Warren Farm and the value of nature

This is a picture of grassland. Just a piece of grassland, with trees in the background, some yellow, white and purple flowers in the foreground. What’s so special about it, that I feel the urge to write a blog post? This is Warren Farm, a 61 acres site around 8 miles West of Central London….

When is a wildflower not a wildflower…

On July 2nd, BBC News published an article with this headline: Why are England’s roadsides blooming?. The article goes on to explain that “the UK has lost 97% of its wildflower meadows in less than a century”, and that “roadside verges are particularly hard hit”. Both statements stem from a campaign by the charity Plantlife,…

Andalucia in Spring, Part 2: Grazalema and the Sierra del Pinar

If you enjoyed the daffodils in Part 1 of the series, brace yourselves for more plants in Part 2. In this post we travel from the hotel through the village of Grazalema, and we gain a bit of height in the Sierra del Pinar (Pine Grove Mountain Range). To get started, a morning picture from the…

Andalucia in Spring, Part 1 (of many): on the hunt for wild daffodils

As hinted in my previous post (A day in Malaga), I had the wonderful opportunity to co-lead two weeks of nature tour in Andalucia, Southern Spain, last month for Naturetrek. Having painstakingly labelled my 1,143 pictures, I am keen to share a few here (there may be blue sky and colourful flowers involved, I am…

A day in Malaga: beyond the Costa del Sol

I was recently given the wonderful opportunity to co-lead botanical tours in Andalucia, Southern Spain, with the wildlife holidays company NatureTrek. More about that later… As I was getting to Malaga earlier than the group, I had a day to explore the city, and of course to discover its botanical heritage. After a misty arrival…

Alpines treasures in the Swiss Jura mountains

I was lucky last year to be able to attend the 6th Global Botanic Gardens Congress  organised by BGCI (the worldwide association of botanic gardens), possibly the best assembly of people interested in plants, whether they are scientists, gardeners, science journalists or education professionals. Held in Geneva, Switzerland, it took place over a week in June 2017,…

When old and new go together in Malmö, Sweden

As part of the We love plants! conference, our group of speakers was treated to a tour of the city of Malmö. For my 1st visit to Northern Europe, it was a fascinating day of discoveries. It started with a trip to Pildammsparken (the aptly named “Willowpond Park”), the largest park in the city with 45…

First there were rocks…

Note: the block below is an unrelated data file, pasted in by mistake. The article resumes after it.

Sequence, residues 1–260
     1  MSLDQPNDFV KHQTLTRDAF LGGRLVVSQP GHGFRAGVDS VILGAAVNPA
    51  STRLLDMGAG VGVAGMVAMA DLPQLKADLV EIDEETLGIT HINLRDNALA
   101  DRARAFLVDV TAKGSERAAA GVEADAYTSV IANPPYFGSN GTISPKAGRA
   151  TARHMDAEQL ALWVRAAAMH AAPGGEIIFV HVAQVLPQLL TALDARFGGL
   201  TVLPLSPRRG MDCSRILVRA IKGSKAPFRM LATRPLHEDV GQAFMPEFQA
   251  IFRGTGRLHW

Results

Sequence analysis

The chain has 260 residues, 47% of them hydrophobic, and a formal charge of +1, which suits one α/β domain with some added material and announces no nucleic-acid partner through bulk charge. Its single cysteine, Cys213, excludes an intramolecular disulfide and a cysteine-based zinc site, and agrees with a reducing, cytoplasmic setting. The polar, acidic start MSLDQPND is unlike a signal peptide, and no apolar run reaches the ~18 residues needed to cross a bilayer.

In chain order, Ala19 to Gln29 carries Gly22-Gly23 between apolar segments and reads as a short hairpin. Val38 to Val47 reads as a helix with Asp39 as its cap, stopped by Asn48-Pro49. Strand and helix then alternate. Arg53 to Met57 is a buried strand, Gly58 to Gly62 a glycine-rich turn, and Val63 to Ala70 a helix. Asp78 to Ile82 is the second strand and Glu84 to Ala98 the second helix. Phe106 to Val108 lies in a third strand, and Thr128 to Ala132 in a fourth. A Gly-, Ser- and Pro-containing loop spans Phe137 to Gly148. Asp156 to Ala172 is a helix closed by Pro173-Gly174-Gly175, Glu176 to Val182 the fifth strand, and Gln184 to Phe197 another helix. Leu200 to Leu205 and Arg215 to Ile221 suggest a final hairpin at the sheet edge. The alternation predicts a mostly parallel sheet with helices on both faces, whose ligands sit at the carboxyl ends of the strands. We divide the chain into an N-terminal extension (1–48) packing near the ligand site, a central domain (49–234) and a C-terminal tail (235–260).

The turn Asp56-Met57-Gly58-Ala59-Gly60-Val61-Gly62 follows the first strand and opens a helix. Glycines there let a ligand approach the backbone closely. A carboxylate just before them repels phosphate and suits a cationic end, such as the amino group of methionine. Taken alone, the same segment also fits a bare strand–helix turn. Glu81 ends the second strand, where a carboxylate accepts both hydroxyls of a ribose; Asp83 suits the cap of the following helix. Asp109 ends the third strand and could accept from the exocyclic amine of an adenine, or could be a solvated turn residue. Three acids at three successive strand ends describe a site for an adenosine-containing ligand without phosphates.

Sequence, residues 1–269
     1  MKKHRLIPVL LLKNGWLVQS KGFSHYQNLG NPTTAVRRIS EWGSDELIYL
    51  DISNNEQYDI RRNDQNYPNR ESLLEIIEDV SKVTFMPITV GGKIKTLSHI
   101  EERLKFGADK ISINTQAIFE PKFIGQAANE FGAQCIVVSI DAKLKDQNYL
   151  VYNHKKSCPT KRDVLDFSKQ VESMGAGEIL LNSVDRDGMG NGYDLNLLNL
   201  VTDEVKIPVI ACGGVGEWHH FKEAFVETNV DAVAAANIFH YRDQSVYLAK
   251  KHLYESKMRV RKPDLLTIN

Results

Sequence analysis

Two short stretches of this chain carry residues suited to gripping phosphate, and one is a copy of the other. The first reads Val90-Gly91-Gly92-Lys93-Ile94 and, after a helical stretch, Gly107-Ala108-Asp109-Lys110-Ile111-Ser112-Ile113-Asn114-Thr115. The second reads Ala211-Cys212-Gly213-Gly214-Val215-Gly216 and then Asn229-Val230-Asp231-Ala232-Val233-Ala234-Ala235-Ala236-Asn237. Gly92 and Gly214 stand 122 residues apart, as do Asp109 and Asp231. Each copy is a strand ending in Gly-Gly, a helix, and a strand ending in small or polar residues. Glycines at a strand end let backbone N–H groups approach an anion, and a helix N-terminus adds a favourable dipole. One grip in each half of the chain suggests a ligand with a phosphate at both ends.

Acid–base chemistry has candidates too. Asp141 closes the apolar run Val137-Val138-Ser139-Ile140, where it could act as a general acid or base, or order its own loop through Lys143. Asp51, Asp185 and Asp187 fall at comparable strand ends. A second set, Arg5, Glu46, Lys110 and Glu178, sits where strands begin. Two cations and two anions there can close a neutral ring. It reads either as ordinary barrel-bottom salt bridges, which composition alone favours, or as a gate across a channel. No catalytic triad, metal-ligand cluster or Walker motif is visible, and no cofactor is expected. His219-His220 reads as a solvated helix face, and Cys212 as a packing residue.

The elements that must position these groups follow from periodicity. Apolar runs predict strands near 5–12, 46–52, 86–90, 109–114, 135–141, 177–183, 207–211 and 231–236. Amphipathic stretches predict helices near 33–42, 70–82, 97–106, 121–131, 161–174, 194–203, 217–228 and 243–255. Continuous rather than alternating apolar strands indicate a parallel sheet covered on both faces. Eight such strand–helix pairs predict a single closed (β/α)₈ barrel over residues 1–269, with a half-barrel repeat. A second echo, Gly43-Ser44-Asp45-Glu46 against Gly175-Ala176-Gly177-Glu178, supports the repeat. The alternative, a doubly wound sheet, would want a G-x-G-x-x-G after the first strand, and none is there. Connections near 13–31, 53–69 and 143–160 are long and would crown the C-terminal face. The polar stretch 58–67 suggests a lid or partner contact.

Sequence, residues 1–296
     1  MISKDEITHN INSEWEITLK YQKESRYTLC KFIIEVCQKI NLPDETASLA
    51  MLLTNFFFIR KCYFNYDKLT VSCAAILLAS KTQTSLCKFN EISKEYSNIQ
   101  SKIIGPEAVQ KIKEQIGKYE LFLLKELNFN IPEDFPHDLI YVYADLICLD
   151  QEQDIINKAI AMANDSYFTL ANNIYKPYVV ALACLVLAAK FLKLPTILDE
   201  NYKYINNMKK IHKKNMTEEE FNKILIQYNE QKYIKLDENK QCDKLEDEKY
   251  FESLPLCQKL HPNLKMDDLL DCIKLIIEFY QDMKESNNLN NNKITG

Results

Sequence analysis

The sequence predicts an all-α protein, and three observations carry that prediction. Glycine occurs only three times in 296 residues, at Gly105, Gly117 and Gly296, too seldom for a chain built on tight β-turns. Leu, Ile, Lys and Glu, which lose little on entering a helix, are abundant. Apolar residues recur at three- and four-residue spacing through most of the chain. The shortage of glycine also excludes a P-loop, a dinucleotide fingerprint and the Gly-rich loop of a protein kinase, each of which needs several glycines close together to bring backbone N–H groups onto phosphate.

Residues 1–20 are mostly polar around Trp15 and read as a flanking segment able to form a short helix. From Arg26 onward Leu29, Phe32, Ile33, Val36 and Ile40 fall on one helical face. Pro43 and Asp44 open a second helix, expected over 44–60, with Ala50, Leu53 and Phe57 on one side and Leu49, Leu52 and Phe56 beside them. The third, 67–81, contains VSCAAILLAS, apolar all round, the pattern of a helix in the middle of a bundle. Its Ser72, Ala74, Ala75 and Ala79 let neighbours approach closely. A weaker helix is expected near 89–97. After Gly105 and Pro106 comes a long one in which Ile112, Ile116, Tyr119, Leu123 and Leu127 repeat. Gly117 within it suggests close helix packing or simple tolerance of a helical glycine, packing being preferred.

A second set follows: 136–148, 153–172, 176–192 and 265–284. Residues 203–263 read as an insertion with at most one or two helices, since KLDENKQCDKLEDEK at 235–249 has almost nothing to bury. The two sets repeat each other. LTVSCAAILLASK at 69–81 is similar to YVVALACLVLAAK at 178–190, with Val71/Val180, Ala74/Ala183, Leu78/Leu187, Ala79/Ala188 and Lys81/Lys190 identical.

I am a botanist. I studied taxonomy, I learned all about plant ecology, I spent days looking at pollen grains under a microscope, I became a master of identification keys. Life made me deviate into horticulture, or shall I say, the art of understanding how to keep plants alive in cultivation. There is however one…

Danish day

I was invited earlier this year to talk at a brilliant conference in Malmö, Sweden (more about this later). My travel plans made for an early arrival into Copenhagen, Denmark (different country but only 20 minutes train apart). First glimpse of Scandinavian design at the airport, with this stylish church-like terminal building: As I had…

Borneo memories – Kinabatangan river

This blog post is going to feature a trip I made in 2010 to Borneo’s Kinabatangan river. What could prompt me to go so far down memory lane? The answer is a campaign launched on Twitter to save this Bornean biodiversity heaven from destruction. English naturalist & TV presenter Steve Backshall and his wife, Olympic champion rower Helen…

Plants in blue for Blue Monday

If you’ve spent five minutes reading the news yesterday, you have probably been unable to escape stories about the mysterious “Blue Monday“. “Blue Monday” is a rather poetic name given to the third Monday in January, deemed to be “the most depressing day of the year”. This claim is supported by a range of serious-looking…

Mistletoe mysteries

On January 1st, I have put up mistletoe on my front door. …now it is time to exchange kisses under this bunch of greeny-yellow stems and leaves, and wish each other a Happy New Year. But why on earth do we do that? European Mistletoe, known as Viscum album in latin (due to its sticky, white berries),…

Behind the monoculture

I have recently moved to North East France, my home region. Around here, most fields at this time of the year are filled by wheat, barley, rye or oats, making wonderful golden tinted pictures in the sun. But in some fields cereals are all that can be seen. Not a single weed in sight, not the…